It is no surprise that Ajami gives no attention to the many additional factual reasons explaining popular outrage against the U.S. and its representatives – reasons that go far deeper than a video trailer, offensive though it was. Ajami steers clear of the dismal effects of various U.S. policies over the years on people across the Muslim world – in countries like Iraq, Egypt, Yemen, Bahrain, Tunisia, Libya, Afghanistan. (The list stretches as far as distant Indonesia, the most populous Muslim state.)
Last week's violence not only reflects the deep anger at and distrust of the U.S. across the Islamic world, but also provides insight into the challenges posed by the power now enjoyed by the forces of extremism long held in check by the dictators toppled by last year's wave of revolutions.
Who are the main beneficiaries of misleading narratives like that of Ajami. He himself concedes, "It is never hard to assemble a crowd of young protesters in the teeming cities of the Muslim world. American embassies and consulates are magnets for the disgruntled."
So, does that mean the notorious video trailer is best regarded as a catalyst for the angry protests rather than the underlying cause? In other words, if the video served as the spark, who or what laid the kindling? Who profits from the narrative that neocons are trying so hard to embed in American minds?
Broad hints can be seen in the Washington Post's coverage over recent days – including a long piece by its Editorial Board, "Washington's role amid the Mideast struggle for power," published the same day Ajami's article appeared online.
What the two have in common is that the word "Israel" appears in neither piece. One wonders how and why the Post's editors could craft a long editorial on the "Mideast struggle for power" — and give editorial prominence to Ajami's article — without mentioning Israel.
Presumably because the Post's readers aren't supposed to associate the fury on the Arab "street" with anger felt by the vast majority Arabs over what they see as U.S. favoritism toward Israel and neglect for the plight of the Palestinians. The Israeli elephant, with the antipathy and resentment its policies engender, simply cannot be allowed into the discussion.
In the circumstances of last week, Israel may be less a centerpiece than the ugly Islamophobia that has found a home in America. But these factors tend to build on and reinforce each other. And the indignities suffered at the hand of Israel certainly has resonance is the larger context of Muslims who feel their religion and culture are under attack in a variety of ways.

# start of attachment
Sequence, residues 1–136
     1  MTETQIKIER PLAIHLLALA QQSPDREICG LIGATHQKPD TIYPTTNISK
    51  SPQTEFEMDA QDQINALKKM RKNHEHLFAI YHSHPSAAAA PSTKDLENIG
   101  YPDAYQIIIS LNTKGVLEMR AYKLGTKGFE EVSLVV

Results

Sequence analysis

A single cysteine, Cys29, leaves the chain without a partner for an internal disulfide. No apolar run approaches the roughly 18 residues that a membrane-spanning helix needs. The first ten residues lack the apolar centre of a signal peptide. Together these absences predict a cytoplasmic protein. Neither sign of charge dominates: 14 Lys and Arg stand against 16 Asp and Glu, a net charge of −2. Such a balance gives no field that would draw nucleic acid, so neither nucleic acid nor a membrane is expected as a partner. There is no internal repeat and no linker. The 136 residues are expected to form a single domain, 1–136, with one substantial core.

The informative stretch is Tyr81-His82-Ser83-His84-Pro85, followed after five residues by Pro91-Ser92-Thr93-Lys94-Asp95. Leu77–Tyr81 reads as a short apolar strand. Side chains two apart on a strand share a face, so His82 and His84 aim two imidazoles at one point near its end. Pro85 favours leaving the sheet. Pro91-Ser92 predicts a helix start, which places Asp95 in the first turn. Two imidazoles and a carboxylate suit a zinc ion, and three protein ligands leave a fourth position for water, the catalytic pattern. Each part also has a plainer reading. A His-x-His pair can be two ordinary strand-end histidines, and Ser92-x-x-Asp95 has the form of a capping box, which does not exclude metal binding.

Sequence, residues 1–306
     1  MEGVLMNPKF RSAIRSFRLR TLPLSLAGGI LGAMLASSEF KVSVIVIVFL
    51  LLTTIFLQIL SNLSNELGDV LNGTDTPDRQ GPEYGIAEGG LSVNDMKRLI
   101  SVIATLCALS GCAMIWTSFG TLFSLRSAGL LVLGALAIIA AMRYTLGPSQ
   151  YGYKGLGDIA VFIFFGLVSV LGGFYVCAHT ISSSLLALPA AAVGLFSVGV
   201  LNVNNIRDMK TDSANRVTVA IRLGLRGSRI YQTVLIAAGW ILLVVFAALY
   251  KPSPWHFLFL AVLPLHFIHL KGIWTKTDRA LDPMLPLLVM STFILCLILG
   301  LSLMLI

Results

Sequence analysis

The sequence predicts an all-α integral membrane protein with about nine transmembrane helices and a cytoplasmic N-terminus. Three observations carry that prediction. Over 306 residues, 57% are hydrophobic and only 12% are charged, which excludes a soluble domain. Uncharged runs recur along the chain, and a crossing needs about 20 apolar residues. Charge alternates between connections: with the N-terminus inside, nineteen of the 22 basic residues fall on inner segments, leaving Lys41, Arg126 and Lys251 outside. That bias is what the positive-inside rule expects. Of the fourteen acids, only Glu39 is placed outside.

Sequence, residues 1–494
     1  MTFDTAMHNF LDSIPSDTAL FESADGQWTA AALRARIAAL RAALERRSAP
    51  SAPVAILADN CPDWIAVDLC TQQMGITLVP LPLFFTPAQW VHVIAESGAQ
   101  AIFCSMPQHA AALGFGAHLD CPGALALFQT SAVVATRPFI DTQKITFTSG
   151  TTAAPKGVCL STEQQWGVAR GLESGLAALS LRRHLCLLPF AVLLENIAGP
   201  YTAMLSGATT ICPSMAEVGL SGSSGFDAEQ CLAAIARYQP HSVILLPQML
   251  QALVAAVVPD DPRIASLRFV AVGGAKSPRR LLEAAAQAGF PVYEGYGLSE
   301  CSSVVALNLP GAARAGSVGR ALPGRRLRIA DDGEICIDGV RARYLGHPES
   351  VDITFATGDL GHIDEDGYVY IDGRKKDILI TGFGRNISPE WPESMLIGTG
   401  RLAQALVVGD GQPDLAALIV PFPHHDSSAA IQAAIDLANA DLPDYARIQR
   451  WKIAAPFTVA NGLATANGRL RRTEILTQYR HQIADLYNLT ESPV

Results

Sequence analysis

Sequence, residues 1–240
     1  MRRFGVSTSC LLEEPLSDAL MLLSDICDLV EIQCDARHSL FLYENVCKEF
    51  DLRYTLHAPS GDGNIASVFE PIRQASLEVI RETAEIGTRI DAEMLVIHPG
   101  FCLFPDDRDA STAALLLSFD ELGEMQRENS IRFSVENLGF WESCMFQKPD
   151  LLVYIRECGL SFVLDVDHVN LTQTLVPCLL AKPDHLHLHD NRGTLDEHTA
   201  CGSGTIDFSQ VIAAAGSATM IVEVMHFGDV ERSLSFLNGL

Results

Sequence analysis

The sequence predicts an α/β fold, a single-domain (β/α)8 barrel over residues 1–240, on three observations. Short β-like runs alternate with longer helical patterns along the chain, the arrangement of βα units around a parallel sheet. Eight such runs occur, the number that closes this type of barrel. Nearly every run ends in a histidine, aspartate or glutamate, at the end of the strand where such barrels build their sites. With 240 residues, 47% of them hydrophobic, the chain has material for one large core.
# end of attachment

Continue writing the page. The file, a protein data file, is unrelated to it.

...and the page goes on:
"Why Do They Hate Us?"
On Saturday, during a live interview on Al-Jazeera, I tried to inject some balance into the discussion. I noted that one key reason for the antipathy toward the U.S. among Muslims is the close identification of the U.S. with Israel and the widespread realization that support from Washington enables Israel's policies of oppression and warmongering against the Palestinians and its regional neighbors.
[As an example of that Israeli brutality and American complicity, an op-ed in Monday's New York Times detailed how U.S. diplomats in 1982 acquiesced to Israeli actions in Lebanon that led to the massacre of defenseless Palestinian civilians at the Sabra and Shatila refugee camps.]
As to "why they hate us," I had time to recall three very telling things I had mentioned in an earlier article on this sensitive topic.
1 — From the 9/11 Commission Report of July 2004, page 147, regarding the motivation of alleged 9/11 mastermind Khalid Sheikh Mohammed: "By his own account, KSM's animus toward the United States stemmed not from his experience there as a student, but rather from his violent disagreement with U.S. foreign policy favoring Israel."
2 — The mainstream-media-neglected report from the Pentagon-appointed Defense Science Board, a report that took direct issue with the notion that they hate us for our freedom. Amazingly, in their Sept. 23, 2004, report to Rumsfeld, the DSB directly contradicted what Vice President Dick Cheney and President George W. Bush had been saying about "why they hate us." Here's part of what the DSB said: